Speech production involves widely distributed brain regions. This study focuses on the spectro-temporal dynamics that contribute to the setup of this network. 26 participants performed a cue-target reading paradigm during MEG. We analyzed local oscillations during preparation for overt and covert reading in the time-frequency domain and localized sources using beamforming. Network dynamics were studied by comparing different dynamic causal models of beta phase coupling. While a broadband low frequency effect was found for any task preparation in (...)
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  34. Gina Rippon Fiona McNab, Arjan Hillebrand, Stephen J. Swithenby (2012). Combining Temporal and Spectral Information with Spatial Mapping to Identify Differences Between Phonological and Semantic Networks: A Magnetoencephalographic Approach. Frontiers in Psychology 3.score: 84.0
    Early, lesion-based models of language processing suggested that semantic and phonological processes are associated with distinct temporal and parietal regions respectively, with frontal areas more indirectly involved. Contemporary spatial brain mapping techniques have not supported such clear-cut segregation, with strong evidence of activation in left temporal areas by both processes and disputed evidence of involvement of frontal areas in both processes. We suggest that combining spatial information with temporal and spectral data may allow a closer scrutiny of the differential (...)
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  35. Eyal Sagi, Dedre Gentner & Andrew Lovett (2012). What Difference Reveals About Similarity. Cognitive Science 36 (6):1019-1050.score: 83.6
    Detecting that two images are different is faster for highly dissimilar images than for highly similar images. Paradoxically, we showed that the reverse occurs when people are asked to describe how two images differ—that is, to state a difference between two images. Following structure-mapping theory, we propose that this disassociation arises from the multistage nature of the comparison process. Detecting that two images are different can be done in the initial (local-matching) stage, but only for pairs with (...)
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  36. Andreas Hüttemann & Alan C. Love (2011). COMPARING PART-WHOLE REDUCTIVE EXPLANATIONS IN BIOLOGY AND PHYSICS. In Dennis Dieks, Wenceslao Gonzalo, Thomas Uebel, Stephan Hartmann & Marcel Weber (eds.), Explanation, Prediction, and Confirmation. Springer. 183--202.score: 81.0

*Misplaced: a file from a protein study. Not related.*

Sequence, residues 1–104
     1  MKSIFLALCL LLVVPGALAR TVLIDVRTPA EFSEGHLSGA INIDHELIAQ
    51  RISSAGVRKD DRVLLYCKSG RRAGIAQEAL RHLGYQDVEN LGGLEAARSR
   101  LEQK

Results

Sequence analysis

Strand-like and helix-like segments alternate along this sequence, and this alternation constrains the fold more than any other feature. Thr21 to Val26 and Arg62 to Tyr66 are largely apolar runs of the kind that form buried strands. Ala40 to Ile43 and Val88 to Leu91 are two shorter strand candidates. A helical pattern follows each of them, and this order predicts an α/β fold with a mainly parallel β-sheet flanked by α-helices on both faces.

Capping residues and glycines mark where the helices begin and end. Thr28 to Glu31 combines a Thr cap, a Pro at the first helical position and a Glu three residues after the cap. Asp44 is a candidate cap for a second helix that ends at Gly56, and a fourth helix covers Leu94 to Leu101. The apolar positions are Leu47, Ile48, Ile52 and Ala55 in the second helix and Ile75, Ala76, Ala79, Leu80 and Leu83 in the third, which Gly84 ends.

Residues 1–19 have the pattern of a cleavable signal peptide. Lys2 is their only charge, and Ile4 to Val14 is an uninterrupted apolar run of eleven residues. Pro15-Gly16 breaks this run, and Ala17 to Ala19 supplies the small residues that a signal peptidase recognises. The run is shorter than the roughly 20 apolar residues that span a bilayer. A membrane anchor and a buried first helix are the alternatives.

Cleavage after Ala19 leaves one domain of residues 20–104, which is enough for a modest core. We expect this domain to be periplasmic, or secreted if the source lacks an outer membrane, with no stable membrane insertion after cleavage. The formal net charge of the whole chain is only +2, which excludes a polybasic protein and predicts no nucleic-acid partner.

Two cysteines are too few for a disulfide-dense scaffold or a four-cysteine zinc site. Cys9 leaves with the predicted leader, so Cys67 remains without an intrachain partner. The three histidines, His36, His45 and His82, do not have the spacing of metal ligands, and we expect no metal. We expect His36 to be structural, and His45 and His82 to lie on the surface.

Many biologists and philosophers have worried that importing models of reasoning from the physical sciences obscures our understanding of reasoning in the life sciences. In this paper we discuss one example that partially validates this concern: part-whole reductive explanations. Biology and physics tend to incorporate different models of temporality in part-whole reductive explanations. This results from differential emphases on compositional and causal facets of reductive explanations, which have not been distinguished reliably in prior philosophical analyses. Keeping these two (...)
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  37. Gloria Ayob (2008). Space and Sense: The Role of Location in Understanding Demonstrative Concepts. Proceedings of the Aristotelian Society 108 (1pt3):347-354.score: 81.0
    My aim in this paper is to critically evaluate John Campbell's (2002) characterization of the sense of demonstrative terms and his account of why an object's location matters in our understanding of perceptually-based demonstrative terms. Campbell thinks that the senses of a demonstrative term are the different ways of consciously attending to an object. I will evaluate Campbell's account of sense by exploring and comparing two scenarios in which the actual location of a seen object is (...) from its perceived location. I do this in order to motivate the following point: Campbell's characterization of the sense of a demonstrative term turns sense into a psychologistic notion. As a consequence of this, it is difficult to see how sense could underwrite reference. In short, I shall be arguing that Campbell's account of the ways of perceiving an object is simply inadequate as an account of the Fregean notion of sense, according to which the senses of a demonstrative term are the different ways of thinking about an object. (shrink)
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  38. Carolina Sartorio (2008). Moral Inertia. Philosophical Studies 140 (1):117 - 133.score: 81.0
    I argue that, according to ordinary morality, there is moral inertia, that is, moral pressure to fail to intervene in certain circumstances. Moral inertia is manifested in scenarios with a particular causal structure: deflection scenarios, where a threatening or benefiting process is diverted from a group of people to another. I explain why the deflection structure is essential for moral inertia to be manifested. I argue that there are two different manifestations of moral inertia: strict prohibitions (...)